6. Living With Fear

‘The feeling of fear, as long as you can take advantage of it and not be rendered useless by it, can make you extend yourself beyond what you would regard as your capacity,’ Edmund Hillary

Along with Tenzing Norgay, New Zealander Ed Hillary became the first climber to unequivocally reach the summit of Everest in 1956. The straight-talking and down-to-earth Kiwi was a hugely talented mountaineer, but by no means immune to fear, recalling feeling ‘pretty scared’ at various points during the expedition.

As he later recounted, however, harnessing that fear was a key part of what drove him to the top.

7. Engaging Your Mindset

‘My mind is in a state of constant rebellion. I believe that will always be so,’ George Mallory

George Leigh Mallory was the gifted but erratic British climber who perished on Everest in 1924. Whether he reached the summit or not is still unknown, but his legend was secured and today he remains a hero to those who climb mountains simply because they are there.

His thirst for adventure made him a stranger to convention, and in many ways Mallory was the archetype of the modern adrenaline junkie.

8. The Power Of Ambition

‘Ambition leads me not only farther than any other man has been before me, but as far as I think it possible for man to go,’ Captain James Cook

Arguably the greatest explorer of all-time, Captain Cook sailed thousands of miles across the globe, mapping lands from New Zealand to Hawaii during three great eighteenth-century voyages of discovery. From fairly humble Yorkshire beginnings, he rose through the ranks of the Royal Navy to become a first-class sea captain and cartographer.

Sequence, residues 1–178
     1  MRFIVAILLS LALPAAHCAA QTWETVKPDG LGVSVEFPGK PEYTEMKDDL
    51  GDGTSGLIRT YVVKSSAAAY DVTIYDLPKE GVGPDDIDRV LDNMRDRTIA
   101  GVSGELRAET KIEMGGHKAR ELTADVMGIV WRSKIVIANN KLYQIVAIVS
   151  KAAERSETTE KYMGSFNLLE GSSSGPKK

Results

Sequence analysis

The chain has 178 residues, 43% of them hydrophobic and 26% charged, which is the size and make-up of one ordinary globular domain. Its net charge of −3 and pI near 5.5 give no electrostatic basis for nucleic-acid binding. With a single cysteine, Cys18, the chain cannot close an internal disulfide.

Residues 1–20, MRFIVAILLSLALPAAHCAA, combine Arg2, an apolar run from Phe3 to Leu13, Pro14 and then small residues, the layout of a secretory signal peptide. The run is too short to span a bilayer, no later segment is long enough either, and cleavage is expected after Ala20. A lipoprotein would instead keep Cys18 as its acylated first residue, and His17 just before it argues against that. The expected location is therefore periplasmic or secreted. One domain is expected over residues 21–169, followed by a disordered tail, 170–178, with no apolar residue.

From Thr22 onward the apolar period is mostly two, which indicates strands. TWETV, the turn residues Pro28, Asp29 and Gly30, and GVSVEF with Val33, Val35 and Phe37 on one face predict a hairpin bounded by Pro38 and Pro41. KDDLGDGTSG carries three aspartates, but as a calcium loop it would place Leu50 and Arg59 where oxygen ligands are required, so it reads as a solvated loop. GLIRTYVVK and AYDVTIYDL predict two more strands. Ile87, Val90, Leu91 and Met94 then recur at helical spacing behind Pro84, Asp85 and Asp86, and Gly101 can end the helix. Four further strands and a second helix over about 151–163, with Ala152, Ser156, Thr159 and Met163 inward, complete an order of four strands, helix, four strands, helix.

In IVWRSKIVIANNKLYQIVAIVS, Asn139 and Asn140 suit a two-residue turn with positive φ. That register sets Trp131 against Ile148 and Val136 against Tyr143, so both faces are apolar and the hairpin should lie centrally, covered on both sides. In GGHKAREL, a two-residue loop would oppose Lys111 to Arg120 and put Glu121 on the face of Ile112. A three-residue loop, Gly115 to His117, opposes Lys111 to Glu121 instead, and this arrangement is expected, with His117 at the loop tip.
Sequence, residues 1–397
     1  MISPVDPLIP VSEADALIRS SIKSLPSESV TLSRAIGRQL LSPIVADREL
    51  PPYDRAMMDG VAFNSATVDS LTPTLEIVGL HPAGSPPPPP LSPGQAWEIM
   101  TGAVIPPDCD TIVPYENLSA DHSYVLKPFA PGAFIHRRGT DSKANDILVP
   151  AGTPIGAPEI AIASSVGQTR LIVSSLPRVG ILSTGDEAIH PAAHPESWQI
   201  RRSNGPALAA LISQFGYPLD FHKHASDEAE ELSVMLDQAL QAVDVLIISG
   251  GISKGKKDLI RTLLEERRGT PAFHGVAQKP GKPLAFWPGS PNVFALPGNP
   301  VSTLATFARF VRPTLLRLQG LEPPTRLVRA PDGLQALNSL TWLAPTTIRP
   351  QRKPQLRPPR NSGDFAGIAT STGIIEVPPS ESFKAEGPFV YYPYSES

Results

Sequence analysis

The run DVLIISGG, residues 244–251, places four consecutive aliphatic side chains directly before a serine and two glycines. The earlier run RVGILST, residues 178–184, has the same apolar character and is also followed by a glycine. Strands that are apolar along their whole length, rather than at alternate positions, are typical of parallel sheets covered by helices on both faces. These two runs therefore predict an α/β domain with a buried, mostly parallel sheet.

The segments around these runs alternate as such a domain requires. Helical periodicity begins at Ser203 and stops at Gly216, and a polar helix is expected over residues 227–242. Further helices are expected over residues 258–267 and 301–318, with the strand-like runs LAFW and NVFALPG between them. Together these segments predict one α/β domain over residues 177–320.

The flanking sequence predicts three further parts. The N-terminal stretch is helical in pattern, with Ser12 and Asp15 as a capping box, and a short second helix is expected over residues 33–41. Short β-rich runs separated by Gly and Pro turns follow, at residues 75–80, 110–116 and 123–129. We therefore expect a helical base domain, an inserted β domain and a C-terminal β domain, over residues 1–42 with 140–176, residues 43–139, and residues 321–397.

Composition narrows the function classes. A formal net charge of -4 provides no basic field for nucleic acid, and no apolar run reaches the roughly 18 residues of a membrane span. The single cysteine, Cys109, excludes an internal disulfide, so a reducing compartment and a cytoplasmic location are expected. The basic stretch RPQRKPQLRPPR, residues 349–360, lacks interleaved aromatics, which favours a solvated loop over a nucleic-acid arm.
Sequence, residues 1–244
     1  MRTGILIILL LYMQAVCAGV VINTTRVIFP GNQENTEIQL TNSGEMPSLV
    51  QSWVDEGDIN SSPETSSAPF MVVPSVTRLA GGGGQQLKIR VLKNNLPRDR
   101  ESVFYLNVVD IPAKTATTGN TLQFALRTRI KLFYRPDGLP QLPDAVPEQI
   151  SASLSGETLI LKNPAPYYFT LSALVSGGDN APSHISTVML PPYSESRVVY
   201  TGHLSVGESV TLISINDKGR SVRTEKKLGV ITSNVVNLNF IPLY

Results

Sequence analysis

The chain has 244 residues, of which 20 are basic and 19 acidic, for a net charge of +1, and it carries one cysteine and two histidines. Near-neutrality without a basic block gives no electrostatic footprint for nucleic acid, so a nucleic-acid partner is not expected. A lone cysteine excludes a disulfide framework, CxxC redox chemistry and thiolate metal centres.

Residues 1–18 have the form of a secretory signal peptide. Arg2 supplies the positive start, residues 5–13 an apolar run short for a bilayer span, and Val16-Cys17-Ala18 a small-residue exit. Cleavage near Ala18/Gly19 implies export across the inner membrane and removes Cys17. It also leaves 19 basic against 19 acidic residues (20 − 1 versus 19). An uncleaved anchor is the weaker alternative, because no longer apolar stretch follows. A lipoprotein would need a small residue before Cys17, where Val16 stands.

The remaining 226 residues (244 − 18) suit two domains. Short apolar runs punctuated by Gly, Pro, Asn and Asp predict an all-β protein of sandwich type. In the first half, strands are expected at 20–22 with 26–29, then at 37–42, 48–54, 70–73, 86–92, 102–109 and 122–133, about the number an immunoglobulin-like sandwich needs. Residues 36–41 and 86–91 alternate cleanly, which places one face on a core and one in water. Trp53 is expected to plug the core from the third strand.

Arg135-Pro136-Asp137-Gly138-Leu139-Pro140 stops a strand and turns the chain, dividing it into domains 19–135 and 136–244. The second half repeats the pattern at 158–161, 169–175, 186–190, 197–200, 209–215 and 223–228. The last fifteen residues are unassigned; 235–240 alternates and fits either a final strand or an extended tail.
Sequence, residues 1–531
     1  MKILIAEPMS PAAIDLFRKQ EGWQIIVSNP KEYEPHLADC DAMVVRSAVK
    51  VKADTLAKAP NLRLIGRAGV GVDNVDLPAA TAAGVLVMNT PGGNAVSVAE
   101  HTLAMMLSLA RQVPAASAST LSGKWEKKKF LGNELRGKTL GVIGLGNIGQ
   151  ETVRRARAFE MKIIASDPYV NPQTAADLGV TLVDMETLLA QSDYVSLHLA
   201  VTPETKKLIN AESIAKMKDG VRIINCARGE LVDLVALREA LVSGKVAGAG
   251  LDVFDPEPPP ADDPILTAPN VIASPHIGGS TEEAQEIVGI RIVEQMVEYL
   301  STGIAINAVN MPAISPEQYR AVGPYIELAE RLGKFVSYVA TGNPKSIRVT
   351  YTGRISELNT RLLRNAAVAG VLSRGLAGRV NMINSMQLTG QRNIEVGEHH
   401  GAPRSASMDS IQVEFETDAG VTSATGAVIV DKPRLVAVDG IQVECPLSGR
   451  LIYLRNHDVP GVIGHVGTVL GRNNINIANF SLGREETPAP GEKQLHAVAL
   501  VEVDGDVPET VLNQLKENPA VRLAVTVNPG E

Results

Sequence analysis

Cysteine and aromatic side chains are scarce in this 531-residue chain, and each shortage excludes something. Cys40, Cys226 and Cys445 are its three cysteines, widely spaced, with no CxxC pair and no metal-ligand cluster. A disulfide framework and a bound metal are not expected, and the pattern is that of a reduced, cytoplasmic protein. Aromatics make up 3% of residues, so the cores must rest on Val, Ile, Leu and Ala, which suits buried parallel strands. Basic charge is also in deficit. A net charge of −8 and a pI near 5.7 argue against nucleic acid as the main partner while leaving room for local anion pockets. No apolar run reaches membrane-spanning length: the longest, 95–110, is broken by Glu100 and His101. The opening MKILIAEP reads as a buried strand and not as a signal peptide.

As ambition goes, few have achieved more.

9. Making Your Own Luck

‘I may say that this is the greatest factor: the way in which the expedition is equipped, the way in which every difficulty is foreseen, and precautions taken for meeting or avoiding it…’

‘Victory awaits him who has everything in order, luck, people call it. Defeat is certain for him who has neglected to take the necessary precautions in time, this is called bad luck,’ Roald Amundsen

Amundsen was the hard-nosed Norwegian explorer who led the first expedition to traverse the Northwest Passage in 1906 and famously beat Scott’s team to the South Pole in 1911. Unsentimental and pragmatic, he believed that men made their own luck and called the idea of adventure ‘just bad planning’. Amundsen’s approach was all about meticulous preparation and efficient execution.

10. Nature And Humanity

‘For most of history, man has had to fight nature to survive; in this century he is beginning to realize that, in order to survive, he must protect it,’ Jacques Cousteau

The French oceanographer and conservationist was a pioneer of underwater exploration who popularised interest in protecting the life of our oceans, through more than 120 television documentaries and over 50 books. His simple blueprint for translating complex scientific concepts to a wide audience can still be seen in phenomenally successful documentaries like Blue Planet, helping to publicise the threat of plastics to our ecosystems.

WHAT NEXT? Before you get out there, be prepared – read RSNG’s essential guide to [wilderness survival]([link: with expert Laurence Gonzalez, author of Deep Survival.